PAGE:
To run a vehicle history report, you must find the Vehicle Identification Number or VIN. If the seller is reluctant to give you the VIN, this could signify that the car is a lemon. 

2. Check for Recalls

Recalls are standard for almost any car and can happen for various reasons ranging from the odometer not keeping accurate track of miles to more severe issues like failing brakes. Before you purchase the vehicle, check to see if there have been any recalls. These can be found using the year, make, and model on the National Highway Traffic Safety Administration (NHTSA) website or at other sites such as Consumer Reports. 

A car has had one or two recalls doesn’t mean it is a lemon. Still, if a vehicle has had several recalls for essential components, it could be more problematic than it is worth. 

3. Get a Pre-Purchase Inspection

One of the best things you can do as a car buyer is to get a professional inspection from a trusted mechanic for any vehicle you consider purchasing. Even if a model isn’t a lemon, a pre-purchase inspection can reveal all kinds of potential issues you do not want to deal with, which is especially important when buying a used car. 

4. Check for Window Stickers

The Federal Trade Commission (FTC) requires car dealers to include a window sticker that acts as a “disclaimer” that will tell you information such as previous owners, warranty terms, and more. These stickers are meant to inform you about any issues you can expect with the car and any potential warranty benefits you might be entitled to. These stickers should be in plain sight, and any deception involving them could be against the law. 

If a vehicle doesn’t have this sticker, it could mean that the seller is trying to hide something. Always ensure that you have a clear view of this information and any links or QR codes that can take you to online resources, such as the NHTSA and more. These will tell you whether or not a vehicle is considered a lemon or has other serious design problems.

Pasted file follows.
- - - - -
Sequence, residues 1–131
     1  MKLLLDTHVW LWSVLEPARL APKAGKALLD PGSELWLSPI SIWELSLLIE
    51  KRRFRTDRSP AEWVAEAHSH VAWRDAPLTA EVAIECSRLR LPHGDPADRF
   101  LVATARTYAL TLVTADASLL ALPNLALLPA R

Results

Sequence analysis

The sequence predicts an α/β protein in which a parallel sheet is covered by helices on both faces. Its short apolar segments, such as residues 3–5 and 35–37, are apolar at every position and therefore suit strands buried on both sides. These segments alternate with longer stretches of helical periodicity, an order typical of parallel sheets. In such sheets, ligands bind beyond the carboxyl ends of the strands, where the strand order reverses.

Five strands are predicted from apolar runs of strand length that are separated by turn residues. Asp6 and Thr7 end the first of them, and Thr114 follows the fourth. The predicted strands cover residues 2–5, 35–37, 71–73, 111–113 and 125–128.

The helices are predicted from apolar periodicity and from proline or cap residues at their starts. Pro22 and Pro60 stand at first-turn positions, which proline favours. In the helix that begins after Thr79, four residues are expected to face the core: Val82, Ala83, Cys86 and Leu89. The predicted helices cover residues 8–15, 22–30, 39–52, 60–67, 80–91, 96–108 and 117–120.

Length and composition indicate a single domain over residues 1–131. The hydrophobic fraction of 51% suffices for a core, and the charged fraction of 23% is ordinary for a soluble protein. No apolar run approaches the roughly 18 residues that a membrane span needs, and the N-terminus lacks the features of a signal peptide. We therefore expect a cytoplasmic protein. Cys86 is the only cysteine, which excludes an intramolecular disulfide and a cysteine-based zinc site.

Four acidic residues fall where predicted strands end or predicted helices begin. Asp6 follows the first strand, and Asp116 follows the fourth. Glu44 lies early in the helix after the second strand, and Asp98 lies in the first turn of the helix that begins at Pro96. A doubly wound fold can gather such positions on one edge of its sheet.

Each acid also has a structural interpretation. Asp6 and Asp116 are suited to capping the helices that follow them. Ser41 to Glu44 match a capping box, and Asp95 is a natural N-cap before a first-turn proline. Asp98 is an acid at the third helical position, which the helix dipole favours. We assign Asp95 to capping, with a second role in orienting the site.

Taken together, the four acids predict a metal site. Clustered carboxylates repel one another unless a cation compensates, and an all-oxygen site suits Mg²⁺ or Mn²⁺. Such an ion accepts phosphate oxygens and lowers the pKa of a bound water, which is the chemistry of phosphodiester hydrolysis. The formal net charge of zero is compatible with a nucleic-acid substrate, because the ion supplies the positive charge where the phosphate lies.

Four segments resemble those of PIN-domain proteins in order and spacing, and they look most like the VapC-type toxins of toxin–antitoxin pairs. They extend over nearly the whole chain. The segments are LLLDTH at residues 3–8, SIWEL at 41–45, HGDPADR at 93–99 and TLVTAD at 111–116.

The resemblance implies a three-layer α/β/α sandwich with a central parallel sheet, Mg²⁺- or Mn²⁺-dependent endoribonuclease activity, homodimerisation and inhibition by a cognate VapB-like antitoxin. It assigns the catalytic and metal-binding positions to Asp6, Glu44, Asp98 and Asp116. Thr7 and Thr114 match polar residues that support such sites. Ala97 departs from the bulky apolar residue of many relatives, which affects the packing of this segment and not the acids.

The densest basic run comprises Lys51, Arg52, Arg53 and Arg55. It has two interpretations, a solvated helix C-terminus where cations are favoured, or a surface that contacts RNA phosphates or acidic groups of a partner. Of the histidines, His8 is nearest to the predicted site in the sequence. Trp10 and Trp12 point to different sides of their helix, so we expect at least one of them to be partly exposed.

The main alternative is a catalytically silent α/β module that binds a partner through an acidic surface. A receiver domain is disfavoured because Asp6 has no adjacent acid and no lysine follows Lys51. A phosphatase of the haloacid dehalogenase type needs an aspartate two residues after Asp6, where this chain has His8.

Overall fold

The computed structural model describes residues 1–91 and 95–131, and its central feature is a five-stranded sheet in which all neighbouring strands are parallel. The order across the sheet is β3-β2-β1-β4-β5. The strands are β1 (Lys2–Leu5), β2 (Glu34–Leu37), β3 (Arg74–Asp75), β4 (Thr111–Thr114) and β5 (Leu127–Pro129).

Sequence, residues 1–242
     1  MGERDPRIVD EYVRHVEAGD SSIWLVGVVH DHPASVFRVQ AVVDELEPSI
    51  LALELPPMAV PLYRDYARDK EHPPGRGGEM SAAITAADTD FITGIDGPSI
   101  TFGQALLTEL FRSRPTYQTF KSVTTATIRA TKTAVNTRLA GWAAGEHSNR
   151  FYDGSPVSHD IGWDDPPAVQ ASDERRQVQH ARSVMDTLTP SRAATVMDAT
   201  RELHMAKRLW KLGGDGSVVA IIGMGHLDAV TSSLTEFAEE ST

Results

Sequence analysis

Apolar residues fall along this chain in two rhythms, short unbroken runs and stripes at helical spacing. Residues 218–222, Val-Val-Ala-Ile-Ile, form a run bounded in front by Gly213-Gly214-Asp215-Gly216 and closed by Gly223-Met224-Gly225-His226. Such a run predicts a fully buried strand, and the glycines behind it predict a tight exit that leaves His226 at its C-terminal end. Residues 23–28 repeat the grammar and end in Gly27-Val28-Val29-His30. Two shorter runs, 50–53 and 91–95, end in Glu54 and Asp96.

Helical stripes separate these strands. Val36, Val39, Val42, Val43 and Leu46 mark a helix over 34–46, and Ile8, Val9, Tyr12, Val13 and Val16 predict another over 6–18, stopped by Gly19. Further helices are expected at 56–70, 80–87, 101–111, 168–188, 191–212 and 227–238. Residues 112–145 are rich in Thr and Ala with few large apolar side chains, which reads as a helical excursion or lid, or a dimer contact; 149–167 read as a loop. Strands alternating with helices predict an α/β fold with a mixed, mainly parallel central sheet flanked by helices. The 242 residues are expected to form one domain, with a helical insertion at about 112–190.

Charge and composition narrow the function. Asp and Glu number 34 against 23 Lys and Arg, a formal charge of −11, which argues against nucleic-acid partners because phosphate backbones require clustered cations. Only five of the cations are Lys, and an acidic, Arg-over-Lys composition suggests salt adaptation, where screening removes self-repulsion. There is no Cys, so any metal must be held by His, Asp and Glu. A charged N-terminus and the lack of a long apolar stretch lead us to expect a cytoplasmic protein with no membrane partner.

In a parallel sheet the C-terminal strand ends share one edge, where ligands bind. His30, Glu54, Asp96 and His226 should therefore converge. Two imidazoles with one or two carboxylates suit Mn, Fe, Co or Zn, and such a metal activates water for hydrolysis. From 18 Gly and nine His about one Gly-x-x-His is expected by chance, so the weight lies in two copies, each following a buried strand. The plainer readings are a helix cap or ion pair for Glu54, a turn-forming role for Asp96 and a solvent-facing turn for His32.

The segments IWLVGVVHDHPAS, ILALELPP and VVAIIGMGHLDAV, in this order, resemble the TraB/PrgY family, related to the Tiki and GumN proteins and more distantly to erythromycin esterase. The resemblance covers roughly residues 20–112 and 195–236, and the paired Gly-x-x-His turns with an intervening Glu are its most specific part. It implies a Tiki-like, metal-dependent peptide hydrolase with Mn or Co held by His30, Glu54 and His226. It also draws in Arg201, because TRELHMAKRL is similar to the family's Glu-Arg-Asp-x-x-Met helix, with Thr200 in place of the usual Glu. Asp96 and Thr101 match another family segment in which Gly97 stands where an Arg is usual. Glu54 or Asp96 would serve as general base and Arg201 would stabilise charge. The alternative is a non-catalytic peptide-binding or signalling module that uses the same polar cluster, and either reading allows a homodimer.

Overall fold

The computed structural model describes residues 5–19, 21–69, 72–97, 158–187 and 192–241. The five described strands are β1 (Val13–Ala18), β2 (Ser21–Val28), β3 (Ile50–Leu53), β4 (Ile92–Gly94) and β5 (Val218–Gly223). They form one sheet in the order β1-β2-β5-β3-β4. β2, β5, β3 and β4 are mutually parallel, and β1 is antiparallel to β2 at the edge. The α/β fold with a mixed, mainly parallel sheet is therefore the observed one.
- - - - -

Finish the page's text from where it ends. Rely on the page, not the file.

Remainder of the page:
5. Don’t Buy Cars Sold “As-Is”

You might notice that some vehicles have the stipulation that they are being sold “as-is.” This means the seller is removing their liability regarding the car’s condition. Whenever you see this term, avoid it, as it is a red flag that there may be a severe they do not want you to know about that could make the vehicle a lemon. 

When you buy a car sold “as-is,” you are taking on full responsibility for that vehicle, including fixing any issues it may have when you purchase it. For the most part, a seller will only list a car with this stipulation if there is a known issue that they don’t want to disclose. Avoiding cars labeled this way is almost always a sound financial decision. 

Other Car Buying Tips

Being smart about the car buying process can help you avoid purchasing a lemon, while following other tips can help ensure you get the best deal and the right vehicle. 

  • Check the car’s maintenance schedule: When buying a car, keeping the actual cost of ownership in mind is crucial, including the cost of properly maintaining the vehicle and the cost of ordinary repairs and issues you can expect. Knowing a car’s maintenance schedule before buying will help you stay one step ahead of potential issues while also giving you a more accurate sense of how much a car will truly cost.